John SandgrenJohn Sandgren is a recent Evolve grad and a member of the Vital Aging Network’s Wellness 50+ Design Team. We are pleased to have his contribution to our knowledge base about how to age well.



1 Department of Health and Human Services, 2008 Physical Activity Guidelines for Americans. Hyattsville, MD: U.S. Department of Health and Human Services 2008.

[2] Nelson M, Rejeski W, Blair S, et al. Physical Activity and Public Health in Older Adults, Recommendation from the American College of Sports Medicine and the American Heart Association. Circulation 2007: 116:1094.

[3] Leitzmann M, Park Y, Blair A, et al. Physical Activity Recommendations and Decreased Risk of Mortality. Arch Intern Med 2007; 167:2453.

Dec 142014

This is the seventh of a series related to physical fitness entitled: Think of Exercise as a Pill that Promotes Long Life and a Whole Lot More.

Two elderly women doing muscle exercises with weights in gym.One key to successful exercise is listening to your body. With awareness and experience comes the ability to recognize important signals. You’ll recognize and appreciate the healthy discomfort of well-used muscles, tendons, and ligaments. You’ll be able to distinguish it from the unhealthy discomfort of misuse which says back off or change what you’re doing.

Few pleasures exceed the gratifying sensations a strong, healthy, flexible body and being aware of these sensations will help you stay motivated. Let me share a personal story. Twenty years ago, after regularly exercising several times weekly for about 1 year, I suddenly noticed one afternoon as I exited from the gym into cool weather how pleasantly warm my muscles felt. My muscles distinctly felt like a warm blanket around me. I had never noticed such a feeling before and it was so invigorating that I remember the moment to this day!

Listening to your body is vitally important, and perhaps nowhere more important than when doing physical chores necessitated by Mother Nature. Think for a moment about things like snow shoveling, garden digging, gutter clearing, or house painting. In Part 6, I could have facetiously labeled these chores a fifth area of exercise, but humor is out of place here. It’s deceptively easy and dangerous to let Mother Nature dictate how hard to exert yourself, so be mindful of your body. Granted, you can limit the size of your garden or take days and weeks to clean out your gutters, but snow shoveling is different. You simply can’t get the car out of the garage until all the driveway is sufficiently cleared.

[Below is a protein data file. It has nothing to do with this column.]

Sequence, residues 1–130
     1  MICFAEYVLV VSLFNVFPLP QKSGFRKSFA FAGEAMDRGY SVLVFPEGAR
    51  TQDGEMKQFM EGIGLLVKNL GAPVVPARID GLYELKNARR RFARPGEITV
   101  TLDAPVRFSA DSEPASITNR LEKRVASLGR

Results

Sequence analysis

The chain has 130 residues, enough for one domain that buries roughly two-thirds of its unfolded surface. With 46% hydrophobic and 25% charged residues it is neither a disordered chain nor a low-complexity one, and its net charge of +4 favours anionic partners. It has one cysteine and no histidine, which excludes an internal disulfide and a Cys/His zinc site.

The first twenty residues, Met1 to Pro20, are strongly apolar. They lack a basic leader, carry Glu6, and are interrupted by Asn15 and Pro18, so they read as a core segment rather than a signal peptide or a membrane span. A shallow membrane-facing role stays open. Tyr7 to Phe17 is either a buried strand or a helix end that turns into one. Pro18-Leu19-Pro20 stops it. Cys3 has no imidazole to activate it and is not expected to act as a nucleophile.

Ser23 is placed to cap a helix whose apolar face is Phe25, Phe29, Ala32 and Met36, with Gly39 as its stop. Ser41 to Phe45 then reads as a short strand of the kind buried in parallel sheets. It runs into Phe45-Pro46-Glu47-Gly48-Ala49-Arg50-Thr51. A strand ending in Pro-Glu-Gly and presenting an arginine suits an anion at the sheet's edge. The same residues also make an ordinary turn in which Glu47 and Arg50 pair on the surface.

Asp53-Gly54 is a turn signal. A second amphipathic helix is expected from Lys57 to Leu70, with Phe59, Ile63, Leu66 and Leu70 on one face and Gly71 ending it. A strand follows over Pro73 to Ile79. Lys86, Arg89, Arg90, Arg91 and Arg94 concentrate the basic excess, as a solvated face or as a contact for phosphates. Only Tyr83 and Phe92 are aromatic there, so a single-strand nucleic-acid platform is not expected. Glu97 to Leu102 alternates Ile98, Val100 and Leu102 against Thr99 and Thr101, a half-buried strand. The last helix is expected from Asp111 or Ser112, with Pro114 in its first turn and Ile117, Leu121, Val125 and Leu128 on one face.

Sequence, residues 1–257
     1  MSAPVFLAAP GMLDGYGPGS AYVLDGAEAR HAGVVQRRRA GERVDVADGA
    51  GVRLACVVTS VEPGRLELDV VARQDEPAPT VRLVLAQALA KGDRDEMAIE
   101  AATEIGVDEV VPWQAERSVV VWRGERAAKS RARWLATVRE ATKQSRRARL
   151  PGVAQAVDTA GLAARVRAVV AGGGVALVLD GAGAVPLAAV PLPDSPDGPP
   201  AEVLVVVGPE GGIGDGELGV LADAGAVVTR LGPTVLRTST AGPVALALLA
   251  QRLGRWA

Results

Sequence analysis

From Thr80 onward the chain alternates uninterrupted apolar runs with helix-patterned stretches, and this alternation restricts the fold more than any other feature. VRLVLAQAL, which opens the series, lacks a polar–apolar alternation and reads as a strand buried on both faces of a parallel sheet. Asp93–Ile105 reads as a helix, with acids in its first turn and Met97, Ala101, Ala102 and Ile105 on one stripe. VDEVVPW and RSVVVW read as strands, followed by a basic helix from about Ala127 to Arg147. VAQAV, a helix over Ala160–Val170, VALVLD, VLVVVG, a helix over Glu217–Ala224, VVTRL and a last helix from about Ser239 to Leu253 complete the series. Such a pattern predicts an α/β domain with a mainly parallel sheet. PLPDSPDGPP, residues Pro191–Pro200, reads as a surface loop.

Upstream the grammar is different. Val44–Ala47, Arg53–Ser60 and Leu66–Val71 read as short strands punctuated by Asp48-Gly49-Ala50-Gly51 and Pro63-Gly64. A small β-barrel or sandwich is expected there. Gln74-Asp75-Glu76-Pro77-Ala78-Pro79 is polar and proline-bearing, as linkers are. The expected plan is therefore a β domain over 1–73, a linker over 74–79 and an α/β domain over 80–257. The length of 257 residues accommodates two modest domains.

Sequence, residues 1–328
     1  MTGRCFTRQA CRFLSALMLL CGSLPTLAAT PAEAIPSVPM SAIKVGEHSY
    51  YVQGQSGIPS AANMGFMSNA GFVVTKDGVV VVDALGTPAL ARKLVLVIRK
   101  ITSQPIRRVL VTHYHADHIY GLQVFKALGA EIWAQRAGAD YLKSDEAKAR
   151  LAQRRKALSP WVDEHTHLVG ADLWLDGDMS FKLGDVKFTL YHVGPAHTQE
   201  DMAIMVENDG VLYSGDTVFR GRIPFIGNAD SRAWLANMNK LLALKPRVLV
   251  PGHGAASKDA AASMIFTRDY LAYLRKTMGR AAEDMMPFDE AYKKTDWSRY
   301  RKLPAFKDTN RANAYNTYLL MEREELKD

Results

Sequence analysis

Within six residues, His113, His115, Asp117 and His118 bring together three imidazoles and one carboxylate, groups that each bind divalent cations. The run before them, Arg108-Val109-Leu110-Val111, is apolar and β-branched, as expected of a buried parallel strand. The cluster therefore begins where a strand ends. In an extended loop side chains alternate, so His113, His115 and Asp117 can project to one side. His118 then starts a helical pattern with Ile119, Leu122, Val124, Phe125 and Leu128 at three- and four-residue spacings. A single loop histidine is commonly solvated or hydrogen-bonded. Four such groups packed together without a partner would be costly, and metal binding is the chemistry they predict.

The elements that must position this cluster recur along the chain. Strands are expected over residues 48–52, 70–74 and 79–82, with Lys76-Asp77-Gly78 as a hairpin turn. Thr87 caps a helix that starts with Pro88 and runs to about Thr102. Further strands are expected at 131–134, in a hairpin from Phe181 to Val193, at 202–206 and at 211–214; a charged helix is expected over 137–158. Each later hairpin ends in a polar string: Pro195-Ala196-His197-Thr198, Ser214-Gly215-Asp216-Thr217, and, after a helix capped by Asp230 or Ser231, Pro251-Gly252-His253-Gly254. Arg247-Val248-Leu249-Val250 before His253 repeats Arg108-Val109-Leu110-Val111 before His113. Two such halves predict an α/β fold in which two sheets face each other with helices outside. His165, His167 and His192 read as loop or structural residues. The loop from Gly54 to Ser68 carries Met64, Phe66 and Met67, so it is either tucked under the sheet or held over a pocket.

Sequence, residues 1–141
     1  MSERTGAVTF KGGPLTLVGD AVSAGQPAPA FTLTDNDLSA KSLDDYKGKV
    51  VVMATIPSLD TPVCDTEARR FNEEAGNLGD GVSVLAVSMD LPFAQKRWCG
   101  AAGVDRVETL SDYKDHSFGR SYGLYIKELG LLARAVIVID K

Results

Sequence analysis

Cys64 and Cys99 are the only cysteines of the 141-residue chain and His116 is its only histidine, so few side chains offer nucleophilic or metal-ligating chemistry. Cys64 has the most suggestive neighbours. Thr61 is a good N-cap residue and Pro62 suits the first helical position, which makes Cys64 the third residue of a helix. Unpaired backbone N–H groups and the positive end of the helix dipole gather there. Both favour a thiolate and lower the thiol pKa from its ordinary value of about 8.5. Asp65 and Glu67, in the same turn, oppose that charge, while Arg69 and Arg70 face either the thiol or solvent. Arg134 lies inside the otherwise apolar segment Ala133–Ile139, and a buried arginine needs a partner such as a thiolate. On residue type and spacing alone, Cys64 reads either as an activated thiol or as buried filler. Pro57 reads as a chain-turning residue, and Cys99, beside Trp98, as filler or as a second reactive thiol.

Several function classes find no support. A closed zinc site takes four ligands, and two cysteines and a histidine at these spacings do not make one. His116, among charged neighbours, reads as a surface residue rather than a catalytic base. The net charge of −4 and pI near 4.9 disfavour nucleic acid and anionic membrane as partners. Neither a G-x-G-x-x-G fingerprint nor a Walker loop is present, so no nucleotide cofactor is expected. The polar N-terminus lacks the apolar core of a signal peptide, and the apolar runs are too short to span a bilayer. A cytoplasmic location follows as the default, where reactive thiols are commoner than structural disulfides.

Snow shoveling is vigorous or near-vigorous activity and multiple studies have demonstrated that lifting snow, particularly wet, heavy snow, puts people at risk for heart attacks – especially sedentary people. The risk is not high, mind you, but it is there, and in addition, a subset of people may be vulnerable to heart attacks in cold temperatures. 1 Physical fitness offers substantial protection from shoveling-induced heart attacks, even for individuals with known coronary heart disease.

Listening to your mind and your thoughts is a second key to successful exercise. If you’re finding it hard to stick to a regular exercise program, cognitive behavioral psychology – the science of how attitude, perceptions, and self-image influence changes in behavior – may help. I offer here in italics some concepts from cognitive behavioral advocates. Many of the points here come from an insightful blog Christy Matta, MA wrote about dieting and losing weight. 2 Her advice could apply equally well to keeping up an exercise program.

To accomplish behavioral change, set specific, realistic goals. Overly ambitious goals can be discouraging. Surround yourself with people who will encourage your efforts. Valuable assistance can come from people in similar circumstances who have made the changes you want to make. Use a buddy system or join a group from church, health club, work, or community. Get regular feedback from your buddy(ies) on progress. [But don’t use their techniques for weight lifting. Remember Part 6?] You can use peers or lay health advisors to help tailor your program to your cultural beliefs, values, language, literacy, and customs.

Look at the way you think about yourself. Is your self-image setting up barriers? If you start a program with the expectation that you will fail, you greatly reduce your chances for success. What do you think your ability is to make the changes you want? The best way to improve your belief in that ability is to actually have some success in reaching specific goals.

When you self monitor, you begin to notice barriers and challenges to changing your behavior. Too often we rely on negative self-judgment to motivate us and in so doing, fail to see real barriers to change. Self monitoring requires that, rather than beating yourself up for not reaching a goal, you attend to your own individual experiences.

Christy Matta goes on to say, some employers now offer low-priced, onsite fitness facilities for exercising. Others offer cash. To that I would add that some health insurers offer incentives like gift cards or health-club-membership discounts when you exercise regularly, and some offer insurance premium discounts.

Cognitive behavioral experts will warn you, declining adherence to a program of change typically occurs at 4 to 6 months. I will personally attest that exercise can lose its shine and feel humdrum, particularly when I lose sight of a meaningful goal and competing interests or distractions threaten to interfere. Be on guard, and if something pulls you away from exercise, don’t get down on yourself. Instead, reflect on what this says about you and then take this new insight back to exercise, perhaps approaching it differently.